From the Publisher
National Science Teachers Association Recommends
“Explore Electricity! is written for an elementary age level, but middle school students would enjoy learning about historical background on electricity while completing the electricity projects. The contents of this book will captivate students with the electrifying topics. . . This book is a wellwritten resource for classroom teachers, students, and parents.”
"With a heavy emphasis on STEM and engaging trivia, this well-designed title is a quality introduction to the basics of electricity. Van Vleet puts humankind’s fascination with electricity in historical context and briefly discusses our dependency on electrical energy. Circuits, electromagnetism, batteries, and lightning are all topics explored in informational text with embedded experimental projects. . ."
"Both home schooling families and teachers will find this book a handy aid when it comes to teaching a youngster about electricity."
Dr. Karen Panetta, Professor of Electrical and Computer Engineering, Tufts University
“Power, energy and electronics dominate our lives, yet very few people understand how electricity works or the exciting opportunities waiting out there for future electrical engineers to conquer. These fun, low-cost projects are a great way to engage your entire family to learn about and appreciate the great innovations electricity has brought to our lives.”
Marla Conn, educational consultant
“Explore Electricity! gives students the opportunity to learn about electricity and its impact on societypast, present, and future. Will make a perfect supplemental text for the STEM program grades 48.”
Troy McBride, Chief Technology Officer, SustainX, Inc. & Norwich Technologies, Inc.
“This is the kind of book that we needhands-on science and technology written for children.”
Children's Literature - Amy S. Hansen
Part of the "Explore Your World" series, Van Vleet, walks us through the basic physics of electricity and unlike other books of this ilk, she follows up each explanation with an easy demonstration that drives the point home. For example, she explains that "a watt is a unit of power...the higher the watts, the more power and the more work that can be done." Her simple demonstration uses a small and a large balloon and water. With both balloons filled with water, she has the reader poke a hole in the bottom and notice the speed of the water coming out. Then do the same with the bigger balloon. "Which balloon pushed out the water with more power?" The book covers the following topics: static electricity, currents, circuits, electromagnetism, motors and generators, and finally earth-friendly electricity. Each page has its own glossary, set in a box titled: "Words to Know." In another nice layout feature, Stone has feature a drawing of a circuit board on the edges of the pages that hold experiments, making it easier to turn directly to the hands-on portion of the book. For kids who want and need hands-on applications to understand otherwise abstract science, this book is a winner. Reviewer: Amy S. Hansen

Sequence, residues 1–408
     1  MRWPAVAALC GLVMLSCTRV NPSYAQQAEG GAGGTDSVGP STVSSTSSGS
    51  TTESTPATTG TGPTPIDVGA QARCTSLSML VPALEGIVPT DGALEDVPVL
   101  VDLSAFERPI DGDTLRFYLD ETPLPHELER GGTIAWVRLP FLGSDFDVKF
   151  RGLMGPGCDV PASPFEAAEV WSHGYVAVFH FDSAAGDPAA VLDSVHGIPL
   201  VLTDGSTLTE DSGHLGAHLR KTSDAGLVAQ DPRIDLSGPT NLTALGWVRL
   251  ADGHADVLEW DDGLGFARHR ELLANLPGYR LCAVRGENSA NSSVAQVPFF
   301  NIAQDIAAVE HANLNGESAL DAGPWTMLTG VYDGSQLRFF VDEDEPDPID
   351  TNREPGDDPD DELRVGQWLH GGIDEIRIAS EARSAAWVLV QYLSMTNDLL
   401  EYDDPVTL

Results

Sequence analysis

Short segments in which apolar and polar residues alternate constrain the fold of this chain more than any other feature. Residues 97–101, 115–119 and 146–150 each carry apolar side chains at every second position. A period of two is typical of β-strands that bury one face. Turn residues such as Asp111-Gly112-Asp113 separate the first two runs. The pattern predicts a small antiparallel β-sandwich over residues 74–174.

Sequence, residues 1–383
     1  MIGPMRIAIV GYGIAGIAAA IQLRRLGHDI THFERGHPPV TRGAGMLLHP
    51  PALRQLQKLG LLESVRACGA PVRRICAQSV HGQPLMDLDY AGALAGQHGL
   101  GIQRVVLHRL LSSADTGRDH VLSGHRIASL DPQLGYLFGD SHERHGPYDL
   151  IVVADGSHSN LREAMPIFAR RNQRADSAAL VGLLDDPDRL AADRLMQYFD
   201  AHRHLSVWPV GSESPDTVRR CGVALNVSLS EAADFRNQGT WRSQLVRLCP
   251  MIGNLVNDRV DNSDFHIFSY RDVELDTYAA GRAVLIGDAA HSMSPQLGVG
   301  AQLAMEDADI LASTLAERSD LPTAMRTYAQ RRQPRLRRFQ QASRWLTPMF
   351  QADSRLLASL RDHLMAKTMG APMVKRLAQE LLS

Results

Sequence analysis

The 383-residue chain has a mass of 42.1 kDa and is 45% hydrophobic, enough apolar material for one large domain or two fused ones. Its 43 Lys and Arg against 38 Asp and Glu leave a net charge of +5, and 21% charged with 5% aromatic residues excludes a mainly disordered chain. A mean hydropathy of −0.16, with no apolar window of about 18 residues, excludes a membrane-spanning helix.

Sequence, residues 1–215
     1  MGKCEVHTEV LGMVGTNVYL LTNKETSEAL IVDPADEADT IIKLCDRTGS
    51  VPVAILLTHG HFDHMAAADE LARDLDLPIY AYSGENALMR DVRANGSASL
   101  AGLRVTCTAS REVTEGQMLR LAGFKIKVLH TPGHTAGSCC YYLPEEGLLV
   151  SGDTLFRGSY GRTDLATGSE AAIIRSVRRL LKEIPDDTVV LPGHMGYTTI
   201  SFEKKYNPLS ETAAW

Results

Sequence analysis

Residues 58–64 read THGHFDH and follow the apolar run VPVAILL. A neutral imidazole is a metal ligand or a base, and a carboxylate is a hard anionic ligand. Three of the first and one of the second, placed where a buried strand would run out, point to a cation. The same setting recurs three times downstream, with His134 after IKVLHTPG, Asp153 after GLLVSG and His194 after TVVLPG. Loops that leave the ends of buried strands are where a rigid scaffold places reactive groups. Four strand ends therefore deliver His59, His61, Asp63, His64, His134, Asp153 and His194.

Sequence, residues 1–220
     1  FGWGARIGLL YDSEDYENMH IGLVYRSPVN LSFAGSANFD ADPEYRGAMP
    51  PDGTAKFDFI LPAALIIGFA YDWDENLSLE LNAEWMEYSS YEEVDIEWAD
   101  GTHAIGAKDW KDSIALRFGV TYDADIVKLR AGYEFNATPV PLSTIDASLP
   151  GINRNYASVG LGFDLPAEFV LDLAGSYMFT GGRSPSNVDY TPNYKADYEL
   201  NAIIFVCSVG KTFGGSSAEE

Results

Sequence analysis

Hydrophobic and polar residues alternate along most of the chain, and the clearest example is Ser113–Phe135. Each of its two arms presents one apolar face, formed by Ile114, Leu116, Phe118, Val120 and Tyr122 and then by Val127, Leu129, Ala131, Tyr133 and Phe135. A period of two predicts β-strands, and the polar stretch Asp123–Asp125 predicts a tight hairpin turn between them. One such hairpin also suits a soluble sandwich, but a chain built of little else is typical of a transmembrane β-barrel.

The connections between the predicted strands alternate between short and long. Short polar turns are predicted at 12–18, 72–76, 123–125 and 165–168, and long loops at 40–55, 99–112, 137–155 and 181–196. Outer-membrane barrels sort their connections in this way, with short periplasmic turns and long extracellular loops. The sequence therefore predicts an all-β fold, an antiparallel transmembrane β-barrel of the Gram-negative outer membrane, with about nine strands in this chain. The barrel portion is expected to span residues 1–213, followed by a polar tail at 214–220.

School Library Journal
Gr 4–8—This entry into an already populated field provides an introduction that goes beyond the usual to include compact fluorescent lights, diodes, semiconductors, transformers, breaker panels, commutators, and capacitors. The six chapters cover "Static Electricity," "Currents," "Circuits," "Electromagnetism," "Motors and Generators," and "Earth-Friendly Electricity." A time line introduces the title and each chapter includes historical references and several activities-mostly boilerplate. While the book's scope is broader than most comparable titles, the explanations can be skimpy and obtuse. Stone's black-and-white diagrams are plentiful but the lack of labels to clarify the concepts is problematic. Beginners will be better served by Matt Mullin's Electricity or Susan H. Gray's Experiments With Electricity (both Scholastic, 2011), Robert Gardner's Electricity and Magnetism (Enslow, 2010) or the more detailed explanations in Shar Levine and Leslie Johnstone's Shocking Science (Sterling, 1999 o.p.).—Carol S. Surges, formerly at Longfellow Middle School, Wauwatosa, WI
What People are saying about this
From the Publisher
“This book is an excellent source for science experiments, arts and crafts, historical exercises, and just plain fun!” —Children’s Literature Review on Amazing Ben Franklin Projects You Can Build Yourself
“This book a worthwhile addition to your library.” —School Library Journal on Explore Ancient Greece
“A great read—informative, yet concise. Definitely a book you’ll want to revisit to try out every project.” —DIG Magazine on Seven Wonders of the World